I don’t know much about this band yet, just that there is an EP floating around that I haven’t heard, they’re from Italy, and this just became available on Bandcamp via Acid Cosmonaut records, which may or may not be their own label. Some nice, bone-dry sounding desert jams.
Moonless – Calling All Demons (Doomentia, €7)
Excellent stoner/doom/sludge from Copenhagen, Denmark. Moonless started out identifying themselves as a doom band based on the doom Rosetta Stone template of Black Sabbath. But like early Sleep, Electric Wizard and Orange Goblin, as they evolved their sound, they developed a more of a fuzzed out stoner vibe. Calling All Demons isn’t exactly original, but it is filled with great riffs that indicate Moonless would be a great live act, and have more in the bag of tricks to come. | Doomantia | The Sludgelord
The Bad Light – Marrow Of Sound (The Bad Light, $6)
For a while I had an aversion to modern versions of blues rock, probably because most of it was mighty stale throughout the 80s and 90s. Lately, excellent albums by Radio Moscow and The Heavy Eyes have turned me around (and on the indie side, The Black Keys). Now Santa Cruz’s The Bad Light have taken the swampy blues of R.L. Burnside and mixed in some Electric Wizard fuzz. Slow, driving grooves that are repetitive yet psychedelic, Marrow Of Sound continues to live in my playlist throughout the year.
Iron Mtn (Iron Mtn, Name Your Price!)
Named after the inaccessible summit in the San Gabriel Mountains, Iron Mtn are an instrumental stoner/doom/sludge band from Los Angeles. Mixing intruiguing bits of krautrock and modern noise elements, the band’s debut is pretty unique. For those who would rather not be distracted by a vocalist and just zero in on the riffs, this band is for you. | The Sludgelord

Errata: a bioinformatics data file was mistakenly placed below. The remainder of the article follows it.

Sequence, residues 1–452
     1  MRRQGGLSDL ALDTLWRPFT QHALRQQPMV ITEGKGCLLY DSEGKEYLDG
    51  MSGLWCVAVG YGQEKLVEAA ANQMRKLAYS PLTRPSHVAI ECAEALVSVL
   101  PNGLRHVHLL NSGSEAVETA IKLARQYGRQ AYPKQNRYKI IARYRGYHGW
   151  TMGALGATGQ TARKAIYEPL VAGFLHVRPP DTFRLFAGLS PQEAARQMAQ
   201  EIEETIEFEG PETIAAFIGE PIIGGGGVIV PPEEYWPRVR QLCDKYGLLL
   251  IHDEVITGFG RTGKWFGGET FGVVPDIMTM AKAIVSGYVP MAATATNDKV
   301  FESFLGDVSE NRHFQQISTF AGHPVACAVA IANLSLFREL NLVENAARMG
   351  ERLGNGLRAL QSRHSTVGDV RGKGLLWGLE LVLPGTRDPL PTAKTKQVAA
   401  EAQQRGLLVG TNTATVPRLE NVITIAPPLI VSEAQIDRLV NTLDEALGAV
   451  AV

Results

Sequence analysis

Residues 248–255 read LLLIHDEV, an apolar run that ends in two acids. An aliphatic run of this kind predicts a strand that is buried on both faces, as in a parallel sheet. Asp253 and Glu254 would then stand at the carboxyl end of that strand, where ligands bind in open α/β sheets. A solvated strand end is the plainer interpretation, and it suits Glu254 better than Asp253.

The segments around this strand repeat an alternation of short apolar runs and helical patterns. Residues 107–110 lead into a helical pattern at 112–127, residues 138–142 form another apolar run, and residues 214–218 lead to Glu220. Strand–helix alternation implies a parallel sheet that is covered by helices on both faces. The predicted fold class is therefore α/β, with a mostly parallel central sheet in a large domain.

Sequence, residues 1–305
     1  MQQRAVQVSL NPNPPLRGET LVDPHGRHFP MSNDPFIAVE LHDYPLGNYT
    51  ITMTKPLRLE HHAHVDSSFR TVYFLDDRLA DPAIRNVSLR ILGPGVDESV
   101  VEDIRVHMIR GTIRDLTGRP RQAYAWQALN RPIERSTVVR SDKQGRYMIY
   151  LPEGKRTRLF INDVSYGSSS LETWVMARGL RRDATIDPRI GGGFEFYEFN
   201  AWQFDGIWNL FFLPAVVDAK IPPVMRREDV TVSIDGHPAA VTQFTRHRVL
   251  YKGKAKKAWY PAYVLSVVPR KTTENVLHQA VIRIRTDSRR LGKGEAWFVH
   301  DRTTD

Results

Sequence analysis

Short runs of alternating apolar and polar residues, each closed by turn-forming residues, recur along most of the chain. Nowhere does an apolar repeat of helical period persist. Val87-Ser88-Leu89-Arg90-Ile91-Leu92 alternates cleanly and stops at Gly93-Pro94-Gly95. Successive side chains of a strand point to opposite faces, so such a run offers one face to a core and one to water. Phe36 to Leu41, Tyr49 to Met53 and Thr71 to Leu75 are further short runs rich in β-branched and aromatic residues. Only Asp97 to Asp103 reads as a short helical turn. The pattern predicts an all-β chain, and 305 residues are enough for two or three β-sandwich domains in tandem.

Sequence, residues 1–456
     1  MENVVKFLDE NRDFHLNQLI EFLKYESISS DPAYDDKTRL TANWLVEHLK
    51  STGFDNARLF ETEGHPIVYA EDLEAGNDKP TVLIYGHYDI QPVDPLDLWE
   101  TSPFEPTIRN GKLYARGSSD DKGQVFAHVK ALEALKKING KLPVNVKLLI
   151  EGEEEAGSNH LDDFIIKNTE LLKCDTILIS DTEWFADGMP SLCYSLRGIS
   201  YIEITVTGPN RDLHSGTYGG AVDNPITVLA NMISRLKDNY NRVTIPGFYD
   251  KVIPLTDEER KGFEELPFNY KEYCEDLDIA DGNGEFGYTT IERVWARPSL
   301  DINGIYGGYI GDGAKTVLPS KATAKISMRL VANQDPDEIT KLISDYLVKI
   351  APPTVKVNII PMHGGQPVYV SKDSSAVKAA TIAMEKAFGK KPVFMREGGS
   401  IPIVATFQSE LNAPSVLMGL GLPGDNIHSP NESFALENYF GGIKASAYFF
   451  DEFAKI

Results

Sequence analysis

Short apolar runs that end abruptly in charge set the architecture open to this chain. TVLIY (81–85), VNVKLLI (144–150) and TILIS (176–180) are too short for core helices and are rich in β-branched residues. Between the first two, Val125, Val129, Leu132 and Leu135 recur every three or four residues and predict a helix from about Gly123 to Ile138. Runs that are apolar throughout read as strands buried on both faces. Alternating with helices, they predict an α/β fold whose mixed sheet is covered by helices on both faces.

Born To Hula – Tales Of Love (Born To Hula, €6.99)
Obviously QOTSA influenced, this German band most likely spent some time with Lo Rider and Dozer albums. It appears they released their Sunset Radio EP early last year, and then their debut full-length Sunrise Radio in June 2011. Already on their second full length, they’re certainly prolific!
Orange Goblin – A Eulogy For The Damned (Candlelight, $7.99)
When Rise Above issued a box set of Orange Goblin’s first five albums, that seemed to spell the end for the band as a creative force. Their sixth album, Healing Through Fire (Sanctuary, 2007), was their weakest, and they’d been quiet for nearly five years. Yet I had a good feeling when they announced the upcoming new album. And indeed, their seventh album is at least as good as Coup de Grace (2002), if not better. They simply nailed down what they do best, their patented mix of stoner rock and Motorhead-inspired biker metal, a formula High On Fire is also indebted to. | The Sleeping Shaman